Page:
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B How to specify direction in 3 dimensional world

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  1. Apr 7, 2017 #1
    I have just started studying vector algebra and i was wondering how is the direction of a vector (or any point object) specified in 3 dimensions. I know how to indicate the direction of a vector in 1 dimension and 2 dimensions. Is the direction of a vector in 3 dimensions stated by using angles or is there any other way to do so?
     
  2. jcsd
  3. Apr 7, 2017 #2

    A.T.

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    By the vector itself?

    You can represent a vector in polar coordinates, which include angles.
     
    Last edited: Apr 7, 2017
  4. Apr 7, 2017 #3

    vanhees71

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    A direction is given by a unit vector. Each unit vector can be specified by spherical coordinates, i.e., two angles. You know this from latitudes and longitudes on Earth. In physics one uses a slightly adapted version of this, which is as follows: Take a Cartesian coordinate system and specify its ##z## axis as the polar axis. Then the unit vector is given in terms of the polar angle ##\vartheta \in [0,\pi]## and azimuthal angle ##\varphi \in [0,2 \pi[## as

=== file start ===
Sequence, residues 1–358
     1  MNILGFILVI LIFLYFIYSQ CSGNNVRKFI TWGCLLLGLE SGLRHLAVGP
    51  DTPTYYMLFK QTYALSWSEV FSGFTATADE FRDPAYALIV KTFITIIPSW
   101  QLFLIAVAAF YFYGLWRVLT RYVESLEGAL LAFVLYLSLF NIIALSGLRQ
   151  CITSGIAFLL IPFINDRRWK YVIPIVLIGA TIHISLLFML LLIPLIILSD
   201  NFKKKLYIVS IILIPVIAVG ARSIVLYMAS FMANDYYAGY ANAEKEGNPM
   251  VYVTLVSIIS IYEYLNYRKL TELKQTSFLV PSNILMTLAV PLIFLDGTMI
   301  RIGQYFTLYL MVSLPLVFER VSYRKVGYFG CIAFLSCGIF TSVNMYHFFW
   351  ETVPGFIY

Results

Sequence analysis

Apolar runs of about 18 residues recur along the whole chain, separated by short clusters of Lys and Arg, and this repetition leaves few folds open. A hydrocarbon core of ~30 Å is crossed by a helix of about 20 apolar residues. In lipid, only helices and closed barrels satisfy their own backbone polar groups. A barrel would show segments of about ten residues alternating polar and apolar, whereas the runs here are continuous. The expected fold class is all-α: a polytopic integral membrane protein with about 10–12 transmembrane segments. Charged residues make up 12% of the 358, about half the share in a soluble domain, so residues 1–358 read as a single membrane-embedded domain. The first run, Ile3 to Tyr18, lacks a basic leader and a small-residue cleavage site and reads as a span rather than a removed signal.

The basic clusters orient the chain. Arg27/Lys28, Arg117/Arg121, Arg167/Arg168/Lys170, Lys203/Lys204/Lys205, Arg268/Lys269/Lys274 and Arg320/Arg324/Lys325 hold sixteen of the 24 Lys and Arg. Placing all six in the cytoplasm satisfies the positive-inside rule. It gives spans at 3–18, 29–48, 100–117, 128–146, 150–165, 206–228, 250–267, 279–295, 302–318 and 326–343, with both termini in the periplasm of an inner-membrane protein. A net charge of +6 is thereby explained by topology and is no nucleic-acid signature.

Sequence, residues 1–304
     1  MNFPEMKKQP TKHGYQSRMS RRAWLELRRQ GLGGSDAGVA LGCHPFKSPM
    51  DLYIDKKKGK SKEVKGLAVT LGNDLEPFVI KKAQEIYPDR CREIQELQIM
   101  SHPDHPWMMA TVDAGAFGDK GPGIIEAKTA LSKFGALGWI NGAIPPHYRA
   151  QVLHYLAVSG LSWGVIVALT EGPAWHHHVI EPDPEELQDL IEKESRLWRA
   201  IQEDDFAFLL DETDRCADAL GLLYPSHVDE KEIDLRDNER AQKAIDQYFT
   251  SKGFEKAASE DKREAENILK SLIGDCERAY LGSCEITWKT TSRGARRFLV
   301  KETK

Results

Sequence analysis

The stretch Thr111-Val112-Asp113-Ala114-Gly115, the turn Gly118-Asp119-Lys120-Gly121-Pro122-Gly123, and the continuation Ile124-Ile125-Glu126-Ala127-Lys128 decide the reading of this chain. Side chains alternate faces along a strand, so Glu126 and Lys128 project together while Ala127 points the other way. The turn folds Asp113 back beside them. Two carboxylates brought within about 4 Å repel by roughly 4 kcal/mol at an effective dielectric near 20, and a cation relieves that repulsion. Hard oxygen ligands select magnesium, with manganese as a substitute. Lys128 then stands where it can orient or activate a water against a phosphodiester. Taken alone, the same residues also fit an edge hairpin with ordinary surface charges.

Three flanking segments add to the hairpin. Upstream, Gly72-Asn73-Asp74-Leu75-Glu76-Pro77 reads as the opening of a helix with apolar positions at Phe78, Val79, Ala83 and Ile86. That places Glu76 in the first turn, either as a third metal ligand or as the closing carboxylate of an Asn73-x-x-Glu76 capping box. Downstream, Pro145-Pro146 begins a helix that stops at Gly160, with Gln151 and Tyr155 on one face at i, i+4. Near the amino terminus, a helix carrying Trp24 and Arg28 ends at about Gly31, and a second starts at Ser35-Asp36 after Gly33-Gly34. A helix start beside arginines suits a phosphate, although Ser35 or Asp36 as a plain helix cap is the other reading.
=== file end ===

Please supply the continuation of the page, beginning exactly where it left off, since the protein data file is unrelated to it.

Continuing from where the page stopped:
$$x=\cos \varphi \sin \vartheta, \quad y=\sin \varphi \sin \vartheta, \quad z=\cos \vartheta.$$
    To visualize this, see the following figure from Wikipedia

    https://en.wikipedia.org/wiki/File:3D_Spherical.svg

    For the unit vector you have of course ##r=1##.
     
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